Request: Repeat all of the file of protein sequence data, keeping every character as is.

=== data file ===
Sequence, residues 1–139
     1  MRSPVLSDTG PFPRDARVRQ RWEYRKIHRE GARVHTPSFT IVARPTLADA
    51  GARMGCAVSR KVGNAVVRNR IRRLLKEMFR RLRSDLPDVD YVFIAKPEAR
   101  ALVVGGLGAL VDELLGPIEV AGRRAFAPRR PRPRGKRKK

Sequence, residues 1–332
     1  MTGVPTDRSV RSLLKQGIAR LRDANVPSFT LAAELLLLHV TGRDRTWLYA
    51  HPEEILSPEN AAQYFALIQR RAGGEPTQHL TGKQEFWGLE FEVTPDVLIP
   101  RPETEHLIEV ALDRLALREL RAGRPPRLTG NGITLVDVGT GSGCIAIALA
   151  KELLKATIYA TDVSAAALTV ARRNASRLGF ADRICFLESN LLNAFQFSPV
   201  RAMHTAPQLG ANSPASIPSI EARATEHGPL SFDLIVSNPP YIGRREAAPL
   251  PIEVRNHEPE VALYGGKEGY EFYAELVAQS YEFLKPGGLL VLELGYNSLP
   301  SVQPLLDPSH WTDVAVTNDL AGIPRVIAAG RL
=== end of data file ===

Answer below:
Sequence, residues 1–139
     1  MRSPVLSDTG PFPRDARVRQ RWEYRKIHRE GARVHTPSFT IVARPTLADA
    51  GARMGCAVSR KVGNAVVRNR IRRLLKEMFR RLRSDLPDVD YVFIAKPEAR
   101  ALVVGGLGAL VDELLGPIEV AGRRAFAPRR PRPRGKRKK

Sequence, residues 1–332
     1  MTGVPTDRSV RSLLKQGIAR LRDANVPSFT LAAELLLLHV TGRDRTWLYA
    51  HPEEILSPEN AAQYFALIQR RAGGEPTQHL TGKQEFWGLE FEVTPDVLIP
   101  RPETEHLIEV ALDRLALREL RAGRPPRLTG NGITLVDVGT GSGCIAIALA
   151  KELLKATIYA TDVSAAALTV ARRNASRLGF ADRICFLESN LLNAFQFSPV
   201  RAMHTAPQLG ANSPASIPSI EARATEHGPL SFDLIVSNPP YIGRREAAPL
   251  PIEVRNHEPE VALYGGKEGY EFYAELVAQS YEFLKPGGLL VLELGYNSLP
   301  SVQPLLDPSH WTDVAVTNDL AGIPRVIAAG RL